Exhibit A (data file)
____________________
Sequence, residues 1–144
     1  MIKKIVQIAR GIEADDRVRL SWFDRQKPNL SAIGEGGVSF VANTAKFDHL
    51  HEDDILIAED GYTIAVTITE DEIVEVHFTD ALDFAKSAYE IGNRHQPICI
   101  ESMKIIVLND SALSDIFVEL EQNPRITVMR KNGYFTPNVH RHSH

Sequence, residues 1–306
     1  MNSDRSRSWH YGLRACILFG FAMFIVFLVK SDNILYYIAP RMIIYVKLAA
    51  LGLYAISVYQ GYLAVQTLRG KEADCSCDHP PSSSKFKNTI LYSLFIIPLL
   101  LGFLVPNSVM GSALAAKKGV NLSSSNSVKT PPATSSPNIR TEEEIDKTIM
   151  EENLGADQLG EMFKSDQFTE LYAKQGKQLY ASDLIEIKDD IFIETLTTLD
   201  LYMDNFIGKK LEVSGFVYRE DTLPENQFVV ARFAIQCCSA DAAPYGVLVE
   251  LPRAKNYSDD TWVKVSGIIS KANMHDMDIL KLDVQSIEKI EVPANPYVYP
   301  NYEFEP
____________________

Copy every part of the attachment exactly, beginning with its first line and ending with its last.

Sequence, residues 1–144
     1  MIKKIVQIAR GIEADDRVRL SWFDRQKPNL SAIGEGGVSF VANTAKFDHL
    51  HEDDILIAED GYTIAVTITE DEIVEVHFTD ALDFAKSAYE IGNRHQPICI
   101  ESMKIIVLND SALSDIFVEL EQNPRITVMR KNGYFTPNVH RHSH

Sequence, residues 1–306
     1  MNSDRSRSWH YGLRACILFG FAMFIVFLVK SDNILYYIAP RMIIYVKLAA
    51  LGLYAISVYQ GYLAVQTLRG KEADCSCDHP PSSSKFKNTI LYSLFIIPLL
   101  LGFLVPNSVM GSALAAKKGV NLSSSNSVKT PPATSSPNIR TEEEIDKTIM
   151  EENLGADQLG EMFKSDQFTE LYAKQGKQLY ASDLIEIKDD IFIETLTTLD
   201  LYMDNFIGKK LEVSGFVYRE DTLPENQFVV ARFAIQCCSA DAAPYGVLVE
   251  LPRAKNYSDD TWVKVSGIIS KANMHDMDIL KLDVQSIEKI EVPANPYVYP
   301  NYEFEP